This article originally appeared in the October 8 issue of CAROLINA: The Magazine.
by Amy Hoots
CHAPEL HILL - Inane.
That's the word the head coach of the Tar Heels uses to describe the tradition of women's soccer at Carolina.
Perhaps that needs to put into context. Here are his exact words, spoken bluntly, which is the only way Anson Dorrance knows how to speak them: "I really feel for all of these kids who have to come in and defend this absolutely inane tradition that the only respectable result for a team is a national championship. On any other team, if the kid wins the national championship, it's an incredible success for that kid. Here if they win a couple, that's okay, that's average."
On a different day, Dorrance may speak of the many advantages of being part of such a storied program, but today he won't mince words speaking about the veiled side of success. "We certainly want them to be proud of their tradition, but we don't want them to suffer from the stress of comparisons with previous generations that have come through."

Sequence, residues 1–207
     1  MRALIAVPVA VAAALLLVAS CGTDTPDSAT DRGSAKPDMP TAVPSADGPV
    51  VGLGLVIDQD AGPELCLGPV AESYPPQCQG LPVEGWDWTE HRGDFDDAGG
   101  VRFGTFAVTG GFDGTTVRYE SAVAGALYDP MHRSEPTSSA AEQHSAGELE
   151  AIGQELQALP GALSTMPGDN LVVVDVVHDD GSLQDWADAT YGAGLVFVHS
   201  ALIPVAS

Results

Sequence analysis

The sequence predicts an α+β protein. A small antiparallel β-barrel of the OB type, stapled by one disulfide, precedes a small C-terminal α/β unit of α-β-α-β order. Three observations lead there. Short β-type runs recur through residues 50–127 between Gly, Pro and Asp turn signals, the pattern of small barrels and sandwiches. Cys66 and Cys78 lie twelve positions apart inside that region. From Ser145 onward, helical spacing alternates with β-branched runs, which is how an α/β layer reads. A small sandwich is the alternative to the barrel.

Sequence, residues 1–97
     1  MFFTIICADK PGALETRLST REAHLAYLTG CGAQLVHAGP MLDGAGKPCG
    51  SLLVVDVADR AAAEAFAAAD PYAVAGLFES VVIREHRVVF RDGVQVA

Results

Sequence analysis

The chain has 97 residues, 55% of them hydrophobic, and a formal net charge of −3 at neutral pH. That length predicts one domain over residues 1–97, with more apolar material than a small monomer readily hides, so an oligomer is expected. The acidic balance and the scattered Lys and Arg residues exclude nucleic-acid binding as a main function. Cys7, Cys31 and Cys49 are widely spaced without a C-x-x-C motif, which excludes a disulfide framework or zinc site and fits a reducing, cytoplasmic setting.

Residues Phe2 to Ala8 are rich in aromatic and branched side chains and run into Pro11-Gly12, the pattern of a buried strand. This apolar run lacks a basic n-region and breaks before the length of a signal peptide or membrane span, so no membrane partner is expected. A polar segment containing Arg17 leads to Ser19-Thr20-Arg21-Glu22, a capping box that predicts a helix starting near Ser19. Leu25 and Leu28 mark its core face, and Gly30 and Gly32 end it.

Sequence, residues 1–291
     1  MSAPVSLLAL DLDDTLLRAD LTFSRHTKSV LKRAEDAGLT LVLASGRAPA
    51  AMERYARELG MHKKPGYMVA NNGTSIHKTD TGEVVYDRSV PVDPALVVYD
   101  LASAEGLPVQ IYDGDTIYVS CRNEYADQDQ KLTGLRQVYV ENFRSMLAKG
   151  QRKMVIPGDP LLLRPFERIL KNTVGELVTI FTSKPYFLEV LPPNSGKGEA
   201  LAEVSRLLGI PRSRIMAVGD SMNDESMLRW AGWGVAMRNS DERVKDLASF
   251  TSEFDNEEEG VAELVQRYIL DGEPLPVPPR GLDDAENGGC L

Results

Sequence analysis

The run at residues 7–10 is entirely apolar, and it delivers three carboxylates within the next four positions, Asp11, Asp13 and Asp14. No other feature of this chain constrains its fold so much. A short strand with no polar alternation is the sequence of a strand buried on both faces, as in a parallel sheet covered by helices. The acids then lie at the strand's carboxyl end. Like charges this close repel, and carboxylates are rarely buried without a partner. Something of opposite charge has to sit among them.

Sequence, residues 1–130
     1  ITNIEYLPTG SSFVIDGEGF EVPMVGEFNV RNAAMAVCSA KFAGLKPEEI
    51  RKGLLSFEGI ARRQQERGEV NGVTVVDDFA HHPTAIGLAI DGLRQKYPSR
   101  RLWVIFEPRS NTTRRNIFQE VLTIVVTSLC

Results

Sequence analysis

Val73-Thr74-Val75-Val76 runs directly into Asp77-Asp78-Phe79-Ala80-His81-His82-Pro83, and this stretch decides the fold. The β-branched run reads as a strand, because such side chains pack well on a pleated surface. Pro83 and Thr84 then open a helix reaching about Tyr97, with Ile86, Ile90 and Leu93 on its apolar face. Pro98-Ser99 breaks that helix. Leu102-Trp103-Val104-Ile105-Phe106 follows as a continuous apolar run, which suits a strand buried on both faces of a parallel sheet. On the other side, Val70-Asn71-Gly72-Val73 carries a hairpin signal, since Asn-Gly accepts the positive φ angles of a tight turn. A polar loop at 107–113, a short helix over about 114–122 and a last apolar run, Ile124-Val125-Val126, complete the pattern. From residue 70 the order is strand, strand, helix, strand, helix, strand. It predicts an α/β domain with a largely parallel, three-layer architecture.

It's easy to see why Dorrance may not want to have each player compare herself to the likes of previous generations which include names like Mia Hamm, Kristine Lilly, and Heather O'Reilly, to name just a few. Who can compare? Perhaps All-American seniors Kealia Ohai and Crystal Dunn might fit the mold. Dunn and Ohai have the weighty responsibility of defending the traditional that includes 21 NCAA national championships, more than any women's college team in history.
Both are superstars, and both play for the Tar Heels. On some teams, two great players can be a recipe for disaster, but here, they go together like birthdays and cakes. Dorrance said, "There is no level of jealousy. When I hear Kealia speak about Crystal, it's nothing but respect. And when Crystal is speaking about K, it's the same thing."
Dunn is a skillful dribbler whose moves strike awe in those who play with her and fear in those who have the misfortune of competing against her. Ohai is a prolific scorer, a player who wants the ball when the game is on the line. Together, they frustrate opponents and dominate games.
Dunn calls Ohai her "partner in crime" and a teammate who can be counted on to cover her back. "I go on random dribbling rants, and I don't know where I'm going half the time," she said, laughing. "But I can always rely on K to be in a good position to show for me. She always wants the ball and that's what I love about her."
Ohai can be sure that if Dunn doesn't get a shot up herself, she'll find a way to get her the ball. "Sometimes when she starts dribbling, you're like mesmerized by her. It's incredible and I just have to keep reminding myself to show, that she's going to get it to me," Ohai said.